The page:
The idea of no one valuing my time as much as I do was a concept that stunned me the first time I came across it. But, the more I reflected on it, the more I realized it’s actually quite true. And that’s when I tried what for me was a radical experiment: instead of completely re-juggling my daily/weekly schedule to accommodate requests, I started putting firmer boundaries on my time commitments. This is what happened:-My insurance broker agreed to meet with me in the morning rather than the afternoon, saving me a second trip to the same part of the city that day.
-When I sold some textbooks, I told all of the students who bought them to meet me on a particular day at a given time to pick them up. Everyone showed up except one girl – and she arranged for a friend to come get her books for her.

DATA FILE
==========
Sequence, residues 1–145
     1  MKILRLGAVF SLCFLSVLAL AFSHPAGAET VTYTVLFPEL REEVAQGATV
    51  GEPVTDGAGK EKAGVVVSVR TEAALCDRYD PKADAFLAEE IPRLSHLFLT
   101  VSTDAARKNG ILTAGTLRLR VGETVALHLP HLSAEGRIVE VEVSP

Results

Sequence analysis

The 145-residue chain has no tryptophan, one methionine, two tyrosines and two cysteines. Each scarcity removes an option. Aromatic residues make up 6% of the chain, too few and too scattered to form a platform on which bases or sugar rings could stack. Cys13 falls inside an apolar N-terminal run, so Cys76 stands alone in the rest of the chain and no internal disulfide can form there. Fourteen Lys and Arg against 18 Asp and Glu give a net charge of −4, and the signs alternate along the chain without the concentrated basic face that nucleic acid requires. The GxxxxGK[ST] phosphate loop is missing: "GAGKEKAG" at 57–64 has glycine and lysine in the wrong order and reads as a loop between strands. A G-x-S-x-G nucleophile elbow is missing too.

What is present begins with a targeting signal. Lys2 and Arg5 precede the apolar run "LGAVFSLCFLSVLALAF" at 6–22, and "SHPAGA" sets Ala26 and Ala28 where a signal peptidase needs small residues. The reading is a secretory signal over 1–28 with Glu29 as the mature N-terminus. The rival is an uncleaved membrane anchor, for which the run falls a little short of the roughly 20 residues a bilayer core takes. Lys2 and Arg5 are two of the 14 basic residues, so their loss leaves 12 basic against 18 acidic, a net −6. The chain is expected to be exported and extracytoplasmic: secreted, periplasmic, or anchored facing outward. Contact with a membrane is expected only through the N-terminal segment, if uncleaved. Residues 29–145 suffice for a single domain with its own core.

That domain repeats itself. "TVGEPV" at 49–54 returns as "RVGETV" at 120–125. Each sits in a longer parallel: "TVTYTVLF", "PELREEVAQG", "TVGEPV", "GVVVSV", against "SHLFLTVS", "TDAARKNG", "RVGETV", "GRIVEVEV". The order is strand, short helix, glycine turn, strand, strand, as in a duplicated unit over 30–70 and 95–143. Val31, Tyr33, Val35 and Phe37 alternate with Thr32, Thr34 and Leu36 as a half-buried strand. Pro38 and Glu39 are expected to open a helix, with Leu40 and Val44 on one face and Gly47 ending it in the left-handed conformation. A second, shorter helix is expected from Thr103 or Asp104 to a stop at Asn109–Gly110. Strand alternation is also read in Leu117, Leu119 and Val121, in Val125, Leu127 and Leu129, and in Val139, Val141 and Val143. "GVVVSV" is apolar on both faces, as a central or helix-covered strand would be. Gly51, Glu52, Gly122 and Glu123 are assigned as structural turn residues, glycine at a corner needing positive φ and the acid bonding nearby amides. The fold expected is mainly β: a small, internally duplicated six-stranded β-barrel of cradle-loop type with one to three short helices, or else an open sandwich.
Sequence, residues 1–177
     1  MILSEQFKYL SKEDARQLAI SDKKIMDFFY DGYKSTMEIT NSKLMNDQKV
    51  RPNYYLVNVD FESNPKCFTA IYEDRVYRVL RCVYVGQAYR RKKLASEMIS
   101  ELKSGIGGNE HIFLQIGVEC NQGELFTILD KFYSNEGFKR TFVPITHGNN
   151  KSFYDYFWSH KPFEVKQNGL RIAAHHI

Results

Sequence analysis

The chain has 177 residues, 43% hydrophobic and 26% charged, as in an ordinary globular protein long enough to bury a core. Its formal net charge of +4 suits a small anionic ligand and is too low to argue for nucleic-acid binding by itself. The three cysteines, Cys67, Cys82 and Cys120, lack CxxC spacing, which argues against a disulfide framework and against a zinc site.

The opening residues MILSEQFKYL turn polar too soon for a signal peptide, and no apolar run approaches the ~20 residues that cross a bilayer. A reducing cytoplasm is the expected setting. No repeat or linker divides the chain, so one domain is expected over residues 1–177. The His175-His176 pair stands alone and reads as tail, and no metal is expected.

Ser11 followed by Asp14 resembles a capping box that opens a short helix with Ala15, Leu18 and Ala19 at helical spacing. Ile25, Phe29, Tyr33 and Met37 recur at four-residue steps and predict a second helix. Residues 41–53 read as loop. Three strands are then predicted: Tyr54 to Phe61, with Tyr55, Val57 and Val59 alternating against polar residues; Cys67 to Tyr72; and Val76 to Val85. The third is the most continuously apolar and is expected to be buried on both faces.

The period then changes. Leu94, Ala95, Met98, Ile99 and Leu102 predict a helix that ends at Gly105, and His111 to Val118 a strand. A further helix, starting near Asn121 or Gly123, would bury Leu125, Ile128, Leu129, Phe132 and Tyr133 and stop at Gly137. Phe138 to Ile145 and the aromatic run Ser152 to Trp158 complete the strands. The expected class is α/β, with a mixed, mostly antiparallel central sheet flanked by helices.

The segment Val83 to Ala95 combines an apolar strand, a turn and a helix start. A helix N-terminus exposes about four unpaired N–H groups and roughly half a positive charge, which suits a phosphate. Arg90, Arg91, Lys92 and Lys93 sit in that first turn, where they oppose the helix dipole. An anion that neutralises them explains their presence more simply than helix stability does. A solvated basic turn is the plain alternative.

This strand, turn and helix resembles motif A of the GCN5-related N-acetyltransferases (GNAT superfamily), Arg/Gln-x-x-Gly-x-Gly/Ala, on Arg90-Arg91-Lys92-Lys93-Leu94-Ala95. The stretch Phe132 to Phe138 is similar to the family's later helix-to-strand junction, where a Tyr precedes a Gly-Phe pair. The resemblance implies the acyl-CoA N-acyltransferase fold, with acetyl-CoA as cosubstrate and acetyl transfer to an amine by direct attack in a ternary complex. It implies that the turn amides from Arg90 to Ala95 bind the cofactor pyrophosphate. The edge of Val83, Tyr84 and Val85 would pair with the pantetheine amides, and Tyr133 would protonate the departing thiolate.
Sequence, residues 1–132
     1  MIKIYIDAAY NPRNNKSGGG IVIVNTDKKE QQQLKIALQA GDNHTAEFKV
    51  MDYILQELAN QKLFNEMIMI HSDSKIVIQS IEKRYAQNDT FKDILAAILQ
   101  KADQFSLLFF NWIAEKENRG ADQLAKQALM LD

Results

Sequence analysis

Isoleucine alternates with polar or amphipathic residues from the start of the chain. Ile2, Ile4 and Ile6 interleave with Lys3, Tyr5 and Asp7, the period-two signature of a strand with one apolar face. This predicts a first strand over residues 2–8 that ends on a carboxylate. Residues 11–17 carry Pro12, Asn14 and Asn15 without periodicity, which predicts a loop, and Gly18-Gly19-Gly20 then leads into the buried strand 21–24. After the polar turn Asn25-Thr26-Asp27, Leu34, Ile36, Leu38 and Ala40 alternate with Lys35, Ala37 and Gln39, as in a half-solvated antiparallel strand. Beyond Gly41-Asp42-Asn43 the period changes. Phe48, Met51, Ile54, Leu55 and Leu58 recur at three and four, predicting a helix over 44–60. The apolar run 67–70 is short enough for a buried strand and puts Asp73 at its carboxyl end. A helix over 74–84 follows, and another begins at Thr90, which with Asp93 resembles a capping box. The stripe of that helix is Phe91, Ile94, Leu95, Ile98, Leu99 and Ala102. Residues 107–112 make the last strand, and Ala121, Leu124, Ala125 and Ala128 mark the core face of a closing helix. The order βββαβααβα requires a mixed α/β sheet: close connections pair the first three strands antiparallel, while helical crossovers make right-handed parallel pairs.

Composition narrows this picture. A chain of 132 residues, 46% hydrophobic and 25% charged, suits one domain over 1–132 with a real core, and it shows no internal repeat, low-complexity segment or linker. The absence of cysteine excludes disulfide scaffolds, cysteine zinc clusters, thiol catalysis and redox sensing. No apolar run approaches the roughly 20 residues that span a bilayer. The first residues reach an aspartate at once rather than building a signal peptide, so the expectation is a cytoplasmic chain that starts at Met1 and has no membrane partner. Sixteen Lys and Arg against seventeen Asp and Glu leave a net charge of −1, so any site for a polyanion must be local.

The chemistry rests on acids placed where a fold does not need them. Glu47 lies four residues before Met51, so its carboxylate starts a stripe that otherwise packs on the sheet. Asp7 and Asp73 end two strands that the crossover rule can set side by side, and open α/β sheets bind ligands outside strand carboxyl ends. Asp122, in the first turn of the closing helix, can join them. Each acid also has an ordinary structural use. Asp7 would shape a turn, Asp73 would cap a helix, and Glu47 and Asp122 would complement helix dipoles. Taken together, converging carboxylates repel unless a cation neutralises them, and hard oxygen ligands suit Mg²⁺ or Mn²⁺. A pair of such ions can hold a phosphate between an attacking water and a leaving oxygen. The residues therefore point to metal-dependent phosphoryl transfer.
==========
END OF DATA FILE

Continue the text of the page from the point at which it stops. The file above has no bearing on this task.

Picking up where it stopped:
-When someone called wanting to meet for coffee on a night I was exhausted, I suggested meeting later in the week. This meant I got both the rest I desperately needed, and had a much better quality visit with my friend.-My landlord agreed to meet with me on an alternate day than the one he proposed, which allowed me to go out to dinner with a close friend.
-When I ordered furniture and appliances for my apartment and was given choices of delivery times, I picked something. Then, I coordinated multiple deliveries on the same day.
No one died. No one accused me of becoming a self-centred ego-maniac. No one was really inconvenienced by my new time tactic. I, however, really reaped the benefits.